The example of an averaged OSP given in Fig. 2A was recorded from the dorsal surface of the optic tectum. OSPs recorded from deep placements in or near the periventricular zone (indicated by electrode tip in Fig. 1B) also had two major waves, both negative, at ca. N130 ms and N200-600. Additionally, OSPs recorded from many deep loci include one or more broad negative waves (100-200 ms wide; Fig. 3) with amplitudes of 50-100 µV. These broad negative waves occur with highly variable latencies after trains and are seldom seen in the absence of such stimulus trains. Most of them appear between 125-500 ms after the omitted stimulus where they overlap with the late negative slow potential. Because they are not well time-locked to the omitted stimulus, in averaged data their presence appears as a ripple on the late slow potential. Similar broad negative waves, although smaller and less frequent, occur as components of the rested VEPs obtained from the same locus after long ISIs. They also occur at unpredictable latencies in the successive VEPs of the flash train. We repeat for clarity, that these broad negative waves are rare in the background and are confined to deep tectal loci, within or near the periventricular zone.
Fig. 3. Four successive epochs of OSPs (top traces) recorded at a deep tectal electrode locus, in or near the periventricular zone, after 10 Hz flash trains. OSPs at such loci are distinguished by broad negative waves. These waves appear at varying latencies but most often immediately after the early waves of the OSP (ca. 125 ms). Waves of this size and shape were observed sometimes after light flashes but rarely in the unstimulated EEG. Bottom traces are superimposed averages of the four epochs shown and of a subsequent four epochs. The latency jitter of most of these broad negative waves produces a rough, negative trough in the average.
Omitted Stimulus Potentials: Forebrain
In the initial experiments (N=11) forebrain OSPs were recorded with planar arrays of epipial electrodes above the dorsal cortex. Figure 1C shows the distribution of the most effective and the least effective recording sites for the OSP. A site was arbitrarily classified as most effective if the base-to-peak (b-p) amplitude of its 10 Hz OSP was 0.5 standard deviations above the mean of all the loci in that animal, and least effective if its OSP was similarly below the mean. Electrode loci with intermediate OSPs are not shown. The distribution of effective sites corresponds generally to the forebrain visual areas delineated by prior electrophysiological mappings (Bass et al. 1983; Karamian et al. 1966). (Some of the ineffective sites that overlap this are probably due to poor electrode tip contact. The data for this suggestion are that single electrode penetrations in the center of this zone routinely yield large OSPs).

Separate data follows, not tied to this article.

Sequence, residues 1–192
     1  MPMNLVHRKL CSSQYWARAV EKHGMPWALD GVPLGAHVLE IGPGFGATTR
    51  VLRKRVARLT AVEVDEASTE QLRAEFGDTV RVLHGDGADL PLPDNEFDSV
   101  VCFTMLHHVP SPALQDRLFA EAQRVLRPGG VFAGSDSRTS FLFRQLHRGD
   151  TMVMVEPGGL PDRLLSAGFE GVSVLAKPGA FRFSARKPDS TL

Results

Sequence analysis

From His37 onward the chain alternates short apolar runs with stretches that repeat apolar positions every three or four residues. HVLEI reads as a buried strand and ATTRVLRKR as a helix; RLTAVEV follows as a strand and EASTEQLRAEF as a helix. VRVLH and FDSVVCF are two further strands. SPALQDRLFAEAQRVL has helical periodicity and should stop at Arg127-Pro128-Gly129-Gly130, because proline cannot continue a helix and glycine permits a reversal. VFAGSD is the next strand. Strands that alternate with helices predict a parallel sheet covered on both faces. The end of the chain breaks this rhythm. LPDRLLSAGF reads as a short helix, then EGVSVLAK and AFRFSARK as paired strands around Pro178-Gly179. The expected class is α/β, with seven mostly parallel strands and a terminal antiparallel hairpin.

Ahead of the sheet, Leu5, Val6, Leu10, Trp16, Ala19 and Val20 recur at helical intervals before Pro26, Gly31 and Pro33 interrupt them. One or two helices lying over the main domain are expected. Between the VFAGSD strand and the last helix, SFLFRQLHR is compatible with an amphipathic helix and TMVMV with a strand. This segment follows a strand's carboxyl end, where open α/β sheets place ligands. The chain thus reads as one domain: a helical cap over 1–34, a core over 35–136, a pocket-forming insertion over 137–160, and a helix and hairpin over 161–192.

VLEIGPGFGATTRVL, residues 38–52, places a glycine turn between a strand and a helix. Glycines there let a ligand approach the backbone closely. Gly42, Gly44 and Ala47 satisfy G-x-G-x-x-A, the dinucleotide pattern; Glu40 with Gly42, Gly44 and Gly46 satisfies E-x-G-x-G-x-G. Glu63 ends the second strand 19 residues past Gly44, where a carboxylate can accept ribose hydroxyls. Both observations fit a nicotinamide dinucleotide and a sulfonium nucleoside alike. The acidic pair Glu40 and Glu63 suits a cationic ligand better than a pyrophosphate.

In later experiments in-line, depth arrays of 5-8 electrodes (150-200 µm spacing) were used in this visual area, that is, 1.5-3 mm lateral and 2.5-5 mm caudal to the olfactory lobe juncture (labeled OLJ in Fig. 1C). The arrays sample activity across the dorsal cortex, lateral ventricle and the dorsal ventricular ridge (DVR; illustrated in 1B). Figure 2B has the same format as 2A and shows averaged OSPs obtained with electrodes in or slightly above the pyramidal cell layer of the dorsal cortex. VEPs and OSPs obtained at this level, or superficially, have a predominantly negative polarity.
Figure 2B shows that a small but reliable wave is seen at ca. N170-200 ms after the omitted stimulus of the 1.5 Hz train. Except for the 3 Hz record all frequencies show OSPs at ca. N150-250. Similar to the tectal OSP, higher frequency trains elicit OSPs with early sharp components as well as late slow potentials. This is clearest at 10 Hz with a sharp N130 and a rounded N230 very slowly declining. In Fig. 2B, OSPs elicited with frequencies of 5 Hz and greater also include 17-23 Hz oscillations from about 0.2-1.2 s after the omission. In spite of inconstant frequency and phase, in this case they survive the averaging; they are even larger in single sweeps.
Fig. 4. Profiles recorded with a depth electrode array in the forebrain, taken simultaneously during a single epoch, under three response conditions: baseline (left), single flash VEP (middle) and 10 Hz OSP (right). Upper trace is the dorsal cortex (DC), the second trace is from deep DC or just below it in the ventricle, and the bottom three traces are from the dorsal ventricular ridge (DVR). DC responses are predominantly negative but otherwise similar in form to the DVR responses. The VEP and OSP both often contain ca. 20 Hz spindles, whereas, these are rare in the baseline EEG. (Presented or omitted stimuli at time zero)
OSPs recorded with electrodes in the DVR are generally similar in form to those of the cortex at the same transverse or antero-posterior level but their polarity is positive. The right panel of Fig. 4 shows the depth profile for a single epoch 10 Hz OSP; the upper trace is cortical, the second trace is from near or in the lateral ventricle and the lower 3 traces are from the DVR. The OSP in the DVR includes oscillations (ca. 20 Hz) similar to those of the overlying cortex but with an inverted phase. Similar oscillations are seen in the single flash VEP (middle plot of Fig. 4). The background or unstimulated EEG, however, (Fig. 4 left plot) only rarely contains such spindles. These oscillations, although evoked by the omitted stimulus are not phase-locked to it and are attenuated greatly in averages. Figure 5 shows 15 successive epochs of band-passed (10-25 Hz) OSPs generated after 10 Hz flash trains. The wide-band average (i.e. 0.1-50 Hz) of these epochs and another average of 15 subsequent epochs are shown in the bottom plot. Note that the slow potential in the averages correlates with the time of the highest amplitude oscillations. There is no obvious relationship between the conditioning frequency and the frequency of OSP oscillations. The ca. 15-20 Hz oscillations of Fig. 5 followed 10 Hz trains but oscillations in similar frequencies were generated after trains of lower flash rate.